- VICTORIALv 61 十年前最愛解答
A country's money supply is mostly the amount of coin and currency in circulation and the total value of all checking accounts in banks. These two types of assets are the most liquid, i.e., easily used to buy goods and services. The amount of money available to spend in an economy is mostly determined by the country's central bank. They can control the total amount of money in circulation by using several levers, or tools, the most important of which is the sale or purchase of government treasury bonds. Central bank sales or purchases of treasury bonds are called "open market operations."
Money demand refers to the demand by households, businesses and the government, for highly liquid assets such as currency and checking account deposits. Money demand is affected by the desire to buy things in the near future, but is also affected by the opportunity cost of holding money. The opportunity cost is the interest earnings one gives up on other assets in order to hold money.
If interest rates rise, households and businesses will likely allocate more of their asset holdings into interest bearing accounts (usually not classified as money) and will hold less in the form of money. Since interest bearing deposits are the primary source of funds used to lend in the financial sector, changes in total money demand affects the supply of loanable funds and in turn affects the interest rates on loans.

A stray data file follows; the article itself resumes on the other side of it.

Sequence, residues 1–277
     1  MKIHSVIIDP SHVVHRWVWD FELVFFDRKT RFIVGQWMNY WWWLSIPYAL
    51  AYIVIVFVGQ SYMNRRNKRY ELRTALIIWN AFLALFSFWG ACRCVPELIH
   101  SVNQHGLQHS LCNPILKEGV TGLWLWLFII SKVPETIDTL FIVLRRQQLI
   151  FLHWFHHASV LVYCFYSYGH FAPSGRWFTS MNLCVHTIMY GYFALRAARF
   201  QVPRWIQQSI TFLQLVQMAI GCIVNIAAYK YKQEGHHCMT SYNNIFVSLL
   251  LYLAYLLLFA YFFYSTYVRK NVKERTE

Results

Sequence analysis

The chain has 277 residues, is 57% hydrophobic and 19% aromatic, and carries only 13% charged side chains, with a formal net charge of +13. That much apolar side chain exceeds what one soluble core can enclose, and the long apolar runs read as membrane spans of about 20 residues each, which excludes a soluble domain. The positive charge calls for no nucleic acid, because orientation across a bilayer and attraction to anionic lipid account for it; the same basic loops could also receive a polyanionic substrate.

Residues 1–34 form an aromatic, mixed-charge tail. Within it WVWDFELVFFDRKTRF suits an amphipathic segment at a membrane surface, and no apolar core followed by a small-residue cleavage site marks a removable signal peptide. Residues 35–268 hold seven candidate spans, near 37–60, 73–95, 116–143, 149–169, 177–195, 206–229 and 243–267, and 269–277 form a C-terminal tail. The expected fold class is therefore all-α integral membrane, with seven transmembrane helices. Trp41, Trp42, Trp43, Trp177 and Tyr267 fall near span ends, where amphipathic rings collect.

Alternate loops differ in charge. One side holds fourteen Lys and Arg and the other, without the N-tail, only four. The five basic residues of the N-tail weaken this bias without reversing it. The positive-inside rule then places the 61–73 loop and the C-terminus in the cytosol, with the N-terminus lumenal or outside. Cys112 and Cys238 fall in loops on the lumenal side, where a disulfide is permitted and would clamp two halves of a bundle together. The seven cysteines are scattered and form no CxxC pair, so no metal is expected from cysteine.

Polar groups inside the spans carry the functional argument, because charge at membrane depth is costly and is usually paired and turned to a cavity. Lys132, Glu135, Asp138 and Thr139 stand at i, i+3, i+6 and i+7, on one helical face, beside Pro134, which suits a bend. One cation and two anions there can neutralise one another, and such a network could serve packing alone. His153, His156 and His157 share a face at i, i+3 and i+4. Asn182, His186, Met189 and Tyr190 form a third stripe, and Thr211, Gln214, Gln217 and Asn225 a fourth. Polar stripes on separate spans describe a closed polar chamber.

Money supply and money demand will equalize only at one average interest rate. Also, at this interest rate, the supply of loanable funds financial institutions wish to lend, equalizes the amount that borrowers wish to borrow. Thus, the equilibrium interest rate in the economy is that rate which equalizes money supply and money demand.
Using the money market model, several important relationships between key economic variables are shown. These are,
a) When the money supply rises (falls), the equilibrium interest rate falls (rises).
b) When the price level increases (decreases), the equilibrium interest rate rises (falls).
c) When real GDP rises (falls), the equilibrium interest rate rises (falls).